Is possbile limit the number of object in has_many option?


#1

(my post was deleted i don’t know why)
Hi. I have a question.
for example, when model records about man, suppose man can marry with
1 woman.
then i think code will be like this
class Man < ActiveRecord::Base
has_many: wife
end

Because one man can marry with up to 1 woman( 0 or 1 )
it can’t be 1:1 relationship, didn’t it?
but at the same time more than 1 wife is not allowed.
then how can i model this relationship into rails code?
has_many :limit option is fit for this relation?

Thanks.
and i wish it is not deleted again. If it should be deleted please let
me know why it should be.


#2

Did you consider

has_one :wife

And in Wife.rb

belongs_to :man


#3

On Apr 30, 2009, at 12:56 PM, Commander J. wrote:

Did you consider

has_one :wife

And in Wife.rb

belongs_to :man

Or:
class Wife
has_many :marriages
has_one :current_marriage, :class_name => ‘Marriage’, :conditions
=> { :current => true }
has_one :husband, :through => :current_marriage
end

class Marriage
belongs_to :wife
belongs_to :husband
end

class Husband
has_many :marriages
has_one :current_marriage, :class_name => ‘Marriage’, :conditions
=> { :current => true }
has_one :wife, :through => :current_marriage
end

-Rob

Rob B. http://agileconsultingllc.com
removed_email_address@domain.invalid


#4

thanks for replies.
it gives me some thought about making active record association.

then what if the man is a single?
husband may not have current_marriage.
i was thinking that has_one means it should have one object.
But as you know not every man will marry.

please more advice for this novice.


#5

On Apr 30, 2009, at 1:29 PM, serenobs wrote:

thanks for replies.
it gives me some thought about making active record association.

then what if the man is a single?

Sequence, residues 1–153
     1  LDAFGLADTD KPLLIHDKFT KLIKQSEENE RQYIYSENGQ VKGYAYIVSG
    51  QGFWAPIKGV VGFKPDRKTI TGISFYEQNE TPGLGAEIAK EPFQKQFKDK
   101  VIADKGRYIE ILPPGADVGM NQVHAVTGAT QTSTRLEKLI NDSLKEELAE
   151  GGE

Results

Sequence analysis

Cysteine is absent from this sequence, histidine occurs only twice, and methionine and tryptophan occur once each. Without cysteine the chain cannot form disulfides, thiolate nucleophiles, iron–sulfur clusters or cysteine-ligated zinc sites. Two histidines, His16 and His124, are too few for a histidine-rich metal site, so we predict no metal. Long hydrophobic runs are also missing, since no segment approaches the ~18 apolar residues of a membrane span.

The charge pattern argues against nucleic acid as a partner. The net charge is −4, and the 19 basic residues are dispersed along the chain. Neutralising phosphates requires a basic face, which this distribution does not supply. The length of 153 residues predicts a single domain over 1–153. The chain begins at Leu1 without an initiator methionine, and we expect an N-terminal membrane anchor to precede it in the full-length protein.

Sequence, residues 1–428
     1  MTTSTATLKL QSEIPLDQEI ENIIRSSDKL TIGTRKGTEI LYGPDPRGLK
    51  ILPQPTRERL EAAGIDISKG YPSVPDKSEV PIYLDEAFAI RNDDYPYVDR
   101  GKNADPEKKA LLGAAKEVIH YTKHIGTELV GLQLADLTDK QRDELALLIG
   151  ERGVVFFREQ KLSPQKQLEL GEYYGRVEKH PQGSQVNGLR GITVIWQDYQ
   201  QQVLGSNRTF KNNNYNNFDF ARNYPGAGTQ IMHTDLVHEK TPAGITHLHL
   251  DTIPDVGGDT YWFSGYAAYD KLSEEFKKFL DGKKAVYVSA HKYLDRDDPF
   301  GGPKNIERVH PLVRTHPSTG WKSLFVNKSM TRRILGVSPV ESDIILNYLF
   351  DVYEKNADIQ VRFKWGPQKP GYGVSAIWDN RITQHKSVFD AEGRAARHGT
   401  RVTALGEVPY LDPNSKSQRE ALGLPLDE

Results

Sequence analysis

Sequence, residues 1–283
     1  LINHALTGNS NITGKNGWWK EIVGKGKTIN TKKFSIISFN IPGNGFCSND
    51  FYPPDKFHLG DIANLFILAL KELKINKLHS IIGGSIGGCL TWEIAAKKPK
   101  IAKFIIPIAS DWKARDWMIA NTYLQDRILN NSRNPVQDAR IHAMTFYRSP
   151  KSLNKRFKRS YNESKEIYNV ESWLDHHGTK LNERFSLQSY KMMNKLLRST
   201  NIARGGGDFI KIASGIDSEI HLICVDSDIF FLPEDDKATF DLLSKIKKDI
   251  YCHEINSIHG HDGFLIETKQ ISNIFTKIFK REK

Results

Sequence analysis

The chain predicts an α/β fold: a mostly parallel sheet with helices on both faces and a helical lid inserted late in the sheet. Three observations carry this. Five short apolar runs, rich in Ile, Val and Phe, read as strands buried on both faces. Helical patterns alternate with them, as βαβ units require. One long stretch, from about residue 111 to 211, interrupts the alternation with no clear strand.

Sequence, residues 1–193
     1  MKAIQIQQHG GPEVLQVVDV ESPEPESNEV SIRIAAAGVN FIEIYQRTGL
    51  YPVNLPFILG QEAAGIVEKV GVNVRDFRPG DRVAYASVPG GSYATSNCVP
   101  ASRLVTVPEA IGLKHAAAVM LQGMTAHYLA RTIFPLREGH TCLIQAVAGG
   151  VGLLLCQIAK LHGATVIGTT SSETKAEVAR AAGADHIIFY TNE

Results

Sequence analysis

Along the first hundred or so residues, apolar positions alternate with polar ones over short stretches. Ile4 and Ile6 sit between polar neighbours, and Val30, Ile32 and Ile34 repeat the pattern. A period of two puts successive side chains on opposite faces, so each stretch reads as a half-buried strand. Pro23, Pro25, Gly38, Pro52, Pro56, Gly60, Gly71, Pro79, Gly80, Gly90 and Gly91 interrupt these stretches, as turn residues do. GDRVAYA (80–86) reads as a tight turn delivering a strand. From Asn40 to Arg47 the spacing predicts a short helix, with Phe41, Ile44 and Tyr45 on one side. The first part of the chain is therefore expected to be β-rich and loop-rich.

husband may not have current_marriage.
i was thinking that has_one means it should have one object.
But as you know not every man will marry.

please more advice for this novice.

Then, man.current_marriage will be nil as will man.wife

has_one really defines a 0/1 and has_many a 0/n relation.

-Rob


#6

has_one does indeed mean has a maximum of one. The belongs_to side
means has exactly one.

I don’t know (because I never tried it) wjay happens if you put
"belongs_to on both sides - i.e. make something exactly 1:1. Obviously
not relevant in this case, but I could see situations where for
performance reasons you may want that kind of partition - or when
wrapping an external database.

C

On Apr 30, 1:08 pm, Rob B. removed_email_address@domain.invalid


#7

On May 1, 2009, at 9:32 AM, Chris Bird wrote:

has_one does indeed mean has a maximum of one. The belongs_to side
means has exactly one.

I don’t know (because I never tried it) what happens if you put
"belongs_to on both sides - i.e. make something exactly 1:1. Obviously
not relevant in this case, but I could see situations where for
performance reasons you may want that kind of partition - or when
wrapping an external database.

C

Belongs_to implies the presence of the foreign key so you can’t have
it on both models (unless you let them be out-of-sync while being
created).

Has_one will only find one, but there could be many records that have
the right foreign key. Just take any has_many association and change
it to has_one (making the symbol singular, of course) and it will
“just work” even though all the original records from the has_many are
actually still there.

Notice how I defined has_many :marriages and has_one :current_marriage
that both use the same Marriage model. Those all belongs_to :wife
(and belongs_to :husband, too)

-Rob